Dick­ens’s nar­ra­tive could never have stat­ed Jasper’s sex­u­al love for Edwin, but it can and does show it even more ex­plic­it­ly than Our Mu­tu­al Friend shows the ho­mo­sex­u­al­i­ty of Eu­gene and Mor­timer. In­deed, in Drood Dick­ens makes his point by de­lib­er­ate con­trasts. A dis­con­so­late Neville, touched on the shoul­der by Crisparkle, ‘took the for­ti­fy­ing hand from his shoul­der, and kissed it’ — once, and in any case Neville is marked­ly not En­glish. What Dick­ens ex­pect­ed of the En­glish he makes clear when Crisparkle is re-unit­ed with his res­cuer from drown­ing, Tar­tar: ‘The two shook hands with the great­est hearti­ness, and then went the won­der­ful length — for En­glish­men — of lay­ing their hands each on the other’s shoul­ders, and look­ing joy­ful­ly each into the other’s face.’

Those ex­cep­tion­al in­ci­dents throw into con­spicu­ity the very dif­fer­ent con­duct of the din­ner Jasper gives Edwin in Chap­ter Two, which be­gins with Jasper watch­ing Edwin ar­rive and take off his outer clothes with ‘a look of hun­gry, ex­act­ing, watch­ful, and yet de­vot­ed af­fec­tion’ and con­tin­ues with Edwin’s flir­ta­tious­ly bid­ding Jasper take him in to din­ner, in pur­suit of which ‘the boy’, as Edwin now sig­nif­i­cant­ly be­comes, ‘lays a hand on Jasper’s shoul­der, Jasper cor­dial­ly and gaily lays a hand on his shoul­der, and so Mar­seil­laise-wise they go in to din­ner’ — in the course of which Jasper lays ‘an af­fec­tion­ate and laugh­ing touch on the boy’s ex­tend­ed hand’, present­ly suf­fers one of his glazed spells, after which Edwin ‘gen­tly and as­sid­u­ous­ly tends him’, re­cov­ers and ‘lays a ten­der hand upon his nephew’s shoul­der’ and then as­ton­ish­es Edwin by say­ing he hates his job, pro­vok­ing Edwin first to bend ‘for­ward in his chair to lay a sym­pa­thet­ic hand on Jasper’s knee’, next to the dec­la­ra­tion ‘you love and trust me, as I love and trust you’ and thus to the de­mand ‘Both hands, Jack,’ which leads to uncle and nephew each stand­ing ‘look­ing into the other’s eyes’ and hold­ing (both) hands through five ex­changes of di­a­logue.

It is this chap­ter that is, I think, des­tined even­tu­al­ly, through the dis­clo­sures of the sec­ond half, to make clear to the read­er, though not nec­es­sar­i­ly, given its pre­sent-tense nar­ra­tive, to the par­tic­i­pants, why the mur­der is in­evitable. Rosa is one of the par­tic­i­pants by proxy, by means of the much-looked-at am­a­teur por­trait of her by Edwin that hangs on Jasper’s wall. Edwin elects him­self vic­tim by flirt­ing with Jasper and yet not telling Jasper that his heart is not truly en­gaged to Rosa.

I think the same din­ner dis­clos­es the method and the im­me­di­ate oc­ca­sion of the mur­der. Luke Fildes’s rec­ol­lec­tion (in 1905) was that Dick­ens had told him the ‘se­cret’ that Jasper’s ‘dou­ble neck­tie’ was an in­dis­pens­able prop­er­ty be­cause Jasper was to stran­gle Drood with it. So far as I can see, Fildes didn’t draw a Jasper with a dou­ble neck­tie. No doubt com­men­ta­tors are right in think­ing that Dick­ens re­placed the neck­tie by ‘that great black scarf’ which Jasper takes to the cru­cial Christ­mas Eve meet­ing. All the same, Dick­ens’s thoughts must have con­tin­ued, in par­al­lel, along the neck­tie groove. At his rec­on­cil­i­a­tion with Rosa, Edwin ex­plains to her: ‘with me Jack is al­ways im­pul­sive and hur­ried, and, I may say, al­most wom­an­ish’. In the next chap­ter, be­fore he goes to the Christ­mas Eve meet­ing he re­flects: ‘Dear old Jack! If I were to make an extra crease in my neck-cloth, he would think it worth notic­ing!’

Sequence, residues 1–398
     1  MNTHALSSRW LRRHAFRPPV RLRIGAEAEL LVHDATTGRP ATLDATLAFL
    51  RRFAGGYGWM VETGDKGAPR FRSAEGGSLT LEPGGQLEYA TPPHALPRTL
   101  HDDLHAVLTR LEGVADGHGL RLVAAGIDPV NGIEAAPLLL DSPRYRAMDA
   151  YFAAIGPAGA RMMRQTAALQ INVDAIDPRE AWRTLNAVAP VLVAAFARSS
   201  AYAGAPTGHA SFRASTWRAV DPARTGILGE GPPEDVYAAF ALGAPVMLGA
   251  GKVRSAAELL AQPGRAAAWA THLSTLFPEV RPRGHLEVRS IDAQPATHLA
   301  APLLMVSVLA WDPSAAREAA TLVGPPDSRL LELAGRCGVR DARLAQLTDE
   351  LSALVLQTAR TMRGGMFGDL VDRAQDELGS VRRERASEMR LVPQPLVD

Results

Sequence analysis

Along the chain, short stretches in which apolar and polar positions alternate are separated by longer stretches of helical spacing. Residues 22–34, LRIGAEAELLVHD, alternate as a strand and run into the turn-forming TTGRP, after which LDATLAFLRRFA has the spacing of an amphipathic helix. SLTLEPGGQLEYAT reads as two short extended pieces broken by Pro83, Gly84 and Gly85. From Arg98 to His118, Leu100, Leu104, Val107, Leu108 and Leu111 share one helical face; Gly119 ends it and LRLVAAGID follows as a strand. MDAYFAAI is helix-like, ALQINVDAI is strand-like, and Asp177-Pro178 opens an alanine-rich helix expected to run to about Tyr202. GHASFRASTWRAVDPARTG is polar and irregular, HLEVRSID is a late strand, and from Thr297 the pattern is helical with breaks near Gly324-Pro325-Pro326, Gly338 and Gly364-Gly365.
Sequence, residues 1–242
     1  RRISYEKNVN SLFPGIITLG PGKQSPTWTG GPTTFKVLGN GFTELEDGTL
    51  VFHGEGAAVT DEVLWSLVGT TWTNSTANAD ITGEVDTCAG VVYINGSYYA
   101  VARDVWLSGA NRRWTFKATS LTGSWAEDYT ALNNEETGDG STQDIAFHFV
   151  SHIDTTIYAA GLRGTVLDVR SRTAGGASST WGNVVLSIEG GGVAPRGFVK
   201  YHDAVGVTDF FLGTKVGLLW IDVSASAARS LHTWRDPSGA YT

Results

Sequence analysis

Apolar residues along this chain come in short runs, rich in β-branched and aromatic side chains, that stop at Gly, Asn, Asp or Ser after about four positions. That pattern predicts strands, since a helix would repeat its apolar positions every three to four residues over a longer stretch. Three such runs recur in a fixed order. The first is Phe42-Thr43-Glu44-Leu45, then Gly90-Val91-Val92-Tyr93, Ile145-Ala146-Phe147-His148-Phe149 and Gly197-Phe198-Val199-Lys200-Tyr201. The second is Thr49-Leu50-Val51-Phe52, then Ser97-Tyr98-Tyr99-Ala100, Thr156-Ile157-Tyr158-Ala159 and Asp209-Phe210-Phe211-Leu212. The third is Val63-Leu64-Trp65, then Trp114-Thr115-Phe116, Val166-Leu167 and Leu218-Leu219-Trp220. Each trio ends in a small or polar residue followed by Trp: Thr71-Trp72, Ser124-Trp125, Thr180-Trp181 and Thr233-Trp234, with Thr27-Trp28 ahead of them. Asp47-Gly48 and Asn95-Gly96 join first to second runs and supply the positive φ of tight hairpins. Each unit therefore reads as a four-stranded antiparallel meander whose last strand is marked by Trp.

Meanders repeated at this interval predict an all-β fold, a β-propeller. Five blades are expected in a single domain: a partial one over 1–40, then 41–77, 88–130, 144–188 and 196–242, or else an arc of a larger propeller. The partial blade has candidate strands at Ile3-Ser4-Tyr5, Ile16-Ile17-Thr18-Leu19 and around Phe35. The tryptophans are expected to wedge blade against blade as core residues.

Both thoughts are fore­shad­owed at the Chap­ter Two din­ner, where, while Edwin takes off his top­coat, hat and gloves, Jasper fuss­es: ‘Your feet are not wet? Pull your boots off. Do pull your boots off.’ Edwin replies: ‘Don’t mod­dley-cod­dley, there’s a good fel­low. I like any­thing bet­ter than being mod­dley-cod­dleyed.’

Whether the mur­der was to have taken place dur­ing the Christ­mas Eve storm or on one of the three en­su­ing win­ter nights, I am con­vinced in my lit­er­ary bones that it was des­tined to begin as an act of pro­tec­tive ten­der­ness. Orig­i­nal­ly, per­haps, Jasper was to tight­en Edwin’s neck­tie for him against the cold and Dick­ens re­placed that by an in­deed more plau­si­ble ges­ture where Jasper wound his own great black scarf round Edwin’s throat. Edwin, I think, was to re­sist being mod­dley-cod­dleyed; and only then was Jasper to make an ‘im­pul­sive and hur­ried’ de­ci­sion (de­signed, how­ev­er, to re­fute and sup­press all im­pu­ta­tions of the ‘wom­an­ish’) to kill him in­stead.

London Review of Books, 1980